Editor's note: This story was updated at 3:07 p.m. on Wednesday to include a special-called meeting announcement from the Franklin County Board of Education. This story was updated at 5:29 p.m. to include a response from Whitney Allison. 

The Franklin County Schools superintendent, a middle school principal and a former teacher all face charges related to the teacher's alleged sexual abuse of students, according to court documents. 

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Todd Smith

On Wednesday afternoon, the Franklin County Board of Education announced it would hold a special-called meeting scheduled for Friday, Sept. 27 at 11 a.m. at the board office. The agenda includes a closed session followed by board comments. 

On Tuesday, Todd Joseph Smith, 42, a former seventh grade math and science teacher at Bondurant Middle School, was indicted on two charges of first-degree sexual abuse of minors under the age of 16, a Class D felony. The first incident allegedly occurred in August 2018 and the second allegedly happened in March of this year. Assistant Commonwealth’s Attorney Zach Becker, the prosecutor in the case, said the alleged abuse of the middle school students happened during the 2018-19 school year. 


Becker said that Smith is no longer employed by Franklin County Schools. His contract was not renewed. The district’s website previously listed Smith as a teacher, but he is no longer on the website. According to a Facebook post by Franklin County Schools, Smith was employed by the school district last fall. 

Bondurant Middle School Principal Whitney Allison, 42, was indicted on one charge of failure to report child dependency, neglect or abuse, first offense, a Class B misdemeanor.

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Whitney Allison

The indictment said Allison allegedly committed the offense around March 14 and 15 “when she knew or had reasonable cause to believe that a child was dependent, neglected or abused, and failed to immediately cause an oral or written report to be made to a local law enforcement agency or to the Department of Kentucky State Police, the cabinet or its designated representative, the Commonwealth’s Attorney, or the county attorney by telephone or otherwise.”

Allison said in an email to The State Journal that she had secured legal counsel, Fred Peters of Lexington, as of Wednesday afternoon and said any official statements on her behalf would be made through his office.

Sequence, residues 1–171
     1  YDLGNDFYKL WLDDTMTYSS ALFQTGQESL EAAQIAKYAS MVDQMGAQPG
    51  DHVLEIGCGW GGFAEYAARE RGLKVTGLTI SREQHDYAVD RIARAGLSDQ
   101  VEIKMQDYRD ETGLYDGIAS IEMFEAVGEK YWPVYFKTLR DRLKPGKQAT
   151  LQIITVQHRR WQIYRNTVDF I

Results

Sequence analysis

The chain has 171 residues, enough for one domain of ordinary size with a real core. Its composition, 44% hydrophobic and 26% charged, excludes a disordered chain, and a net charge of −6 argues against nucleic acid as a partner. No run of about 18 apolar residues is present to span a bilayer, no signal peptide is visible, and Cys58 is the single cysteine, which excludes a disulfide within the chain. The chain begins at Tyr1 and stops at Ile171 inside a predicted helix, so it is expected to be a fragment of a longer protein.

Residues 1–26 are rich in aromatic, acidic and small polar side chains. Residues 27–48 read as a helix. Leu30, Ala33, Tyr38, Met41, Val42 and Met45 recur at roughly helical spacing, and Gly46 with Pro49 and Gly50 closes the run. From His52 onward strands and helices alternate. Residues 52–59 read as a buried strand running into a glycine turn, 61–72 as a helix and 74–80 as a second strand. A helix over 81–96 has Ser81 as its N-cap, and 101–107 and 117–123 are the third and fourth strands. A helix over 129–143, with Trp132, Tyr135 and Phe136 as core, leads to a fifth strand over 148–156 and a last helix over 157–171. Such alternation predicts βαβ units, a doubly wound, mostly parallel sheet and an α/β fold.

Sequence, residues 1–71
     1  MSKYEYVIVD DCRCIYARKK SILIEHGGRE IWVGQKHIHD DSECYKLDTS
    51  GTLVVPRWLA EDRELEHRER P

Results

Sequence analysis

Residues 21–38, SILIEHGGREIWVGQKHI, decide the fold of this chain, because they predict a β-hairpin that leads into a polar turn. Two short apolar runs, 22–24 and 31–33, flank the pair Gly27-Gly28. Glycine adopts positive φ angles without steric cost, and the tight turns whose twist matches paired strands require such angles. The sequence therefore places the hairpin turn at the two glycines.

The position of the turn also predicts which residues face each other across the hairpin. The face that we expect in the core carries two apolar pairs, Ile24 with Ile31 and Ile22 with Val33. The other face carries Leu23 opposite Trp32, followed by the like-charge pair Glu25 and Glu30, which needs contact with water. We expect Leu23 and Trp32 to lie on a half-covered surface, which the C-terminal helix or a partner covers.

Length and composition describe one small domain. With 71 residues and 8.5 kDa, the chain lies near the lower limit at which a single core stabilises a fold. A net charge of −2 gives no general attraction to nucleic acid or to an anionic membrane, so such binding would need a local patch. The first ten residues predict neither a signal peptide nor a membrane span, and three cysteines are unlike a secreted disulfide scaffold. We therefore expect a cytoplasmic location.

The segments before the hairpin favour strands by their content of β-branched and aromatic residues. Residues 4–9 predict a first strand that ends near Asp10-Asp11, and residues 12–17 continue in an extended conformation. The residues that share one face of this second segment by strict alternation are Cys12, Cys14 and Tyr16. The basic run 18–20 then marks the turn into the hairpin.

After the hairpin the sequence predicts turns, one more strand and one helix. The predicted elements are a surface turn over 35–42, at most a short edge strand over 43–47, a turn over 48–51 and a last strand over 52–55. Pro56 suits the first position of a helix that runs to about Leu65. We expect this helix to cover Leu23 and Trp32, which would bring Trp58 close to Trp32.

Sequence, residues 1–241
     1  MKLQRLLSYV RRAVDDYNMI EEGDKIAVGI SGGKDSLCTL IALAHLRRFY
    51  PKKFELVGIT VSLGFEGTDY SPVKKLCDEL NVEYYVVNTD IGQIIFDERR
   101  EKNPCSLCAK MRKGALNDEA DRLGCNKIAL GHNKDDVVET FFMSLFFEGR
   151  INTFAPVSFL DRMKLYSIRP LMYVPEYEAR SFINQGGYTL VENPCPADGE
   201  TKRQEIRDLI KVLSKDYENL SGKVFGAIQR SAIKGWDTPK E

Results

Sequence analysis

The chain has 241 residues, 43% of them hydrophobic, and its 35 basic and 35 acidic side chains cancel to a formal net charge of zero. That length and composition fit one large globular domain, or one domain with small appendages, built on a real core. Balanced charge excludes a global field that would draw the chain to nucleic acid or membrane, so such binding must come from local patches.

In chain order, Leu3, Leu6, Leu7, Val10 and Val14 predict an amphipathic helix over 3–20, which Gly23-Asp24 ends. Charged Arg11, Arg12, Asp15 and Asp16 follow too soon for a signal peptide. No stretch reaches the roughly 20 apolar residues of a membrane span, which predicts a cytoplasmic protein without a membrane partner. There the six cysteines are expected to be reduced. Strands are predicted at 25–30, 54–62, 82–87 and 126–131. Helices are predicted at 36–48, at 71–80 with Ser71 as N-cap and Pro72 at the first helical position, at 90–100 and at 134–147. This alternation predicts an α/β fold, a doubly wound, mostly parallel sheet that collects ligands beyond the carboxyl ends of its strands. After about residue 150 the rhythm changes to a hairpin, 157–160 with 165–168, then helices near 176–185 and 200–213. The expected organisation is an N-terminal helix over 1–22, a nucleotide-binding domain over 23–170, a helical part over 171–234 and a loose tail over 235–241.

Allison was named principal of Bondurant in December 2018 after the late Casey Sparrow stepped down from the position at the beginning of the 2018-19 school year. Prior to working at Bondurant, Allison was the principal of Winburn Middle School in Fayette County. 

Mark Kopp, 48, Franklin County Schools superintendent, was indicted on a charge of criminal attempt bribery of a public servant, a Class A misdemeanor. Becker said the charge stems from a comment Kopp allegedly made to a Franklin County sheriff’s deputy while being served with a subpoena around June 18.

Kopp said on Wednesday that he had been advised by counsel to not comment on this case other than to say "we will aggressively defend this." Kopp said Smith is "no longer an employee of the district." 

Kopp was hired by the school district in the summer of 2017 and replaced Chrissy Jones after she retired from the post. Prior to becoming superintendent, Kopp was the chief academic officer and associate superintendent for Hardin County Schools. 

Mark Kopp

Becker told The State Journal that he didn't want “to go into details” about the case, adding, “It’s all in a police report.” 

The State Journal submitted an open records request to Franklin County Sheriff Chris Quire for the police report on the allegations. Because the investigation is continuing and involves minors, his office asked County Attorney Rick Sparks to make the call on whether to release the documents. Sparks will prosecute Allison and Kopp’s cases, Becker said. 

Kopp and Allison will be arraigned in court on Oct. 15 at 9 a.m. Franklin District Court Judge Kathy Mangeot will be presiding.

Under Kentucky law, if a grand jury determines that there is probable cause to believe a crime was committed but that the appropriate charge is a misdemeanor rather than a felony, it has authority to return an indictment for a misdemeanor. The indictment is remanded to district court for all further action.  

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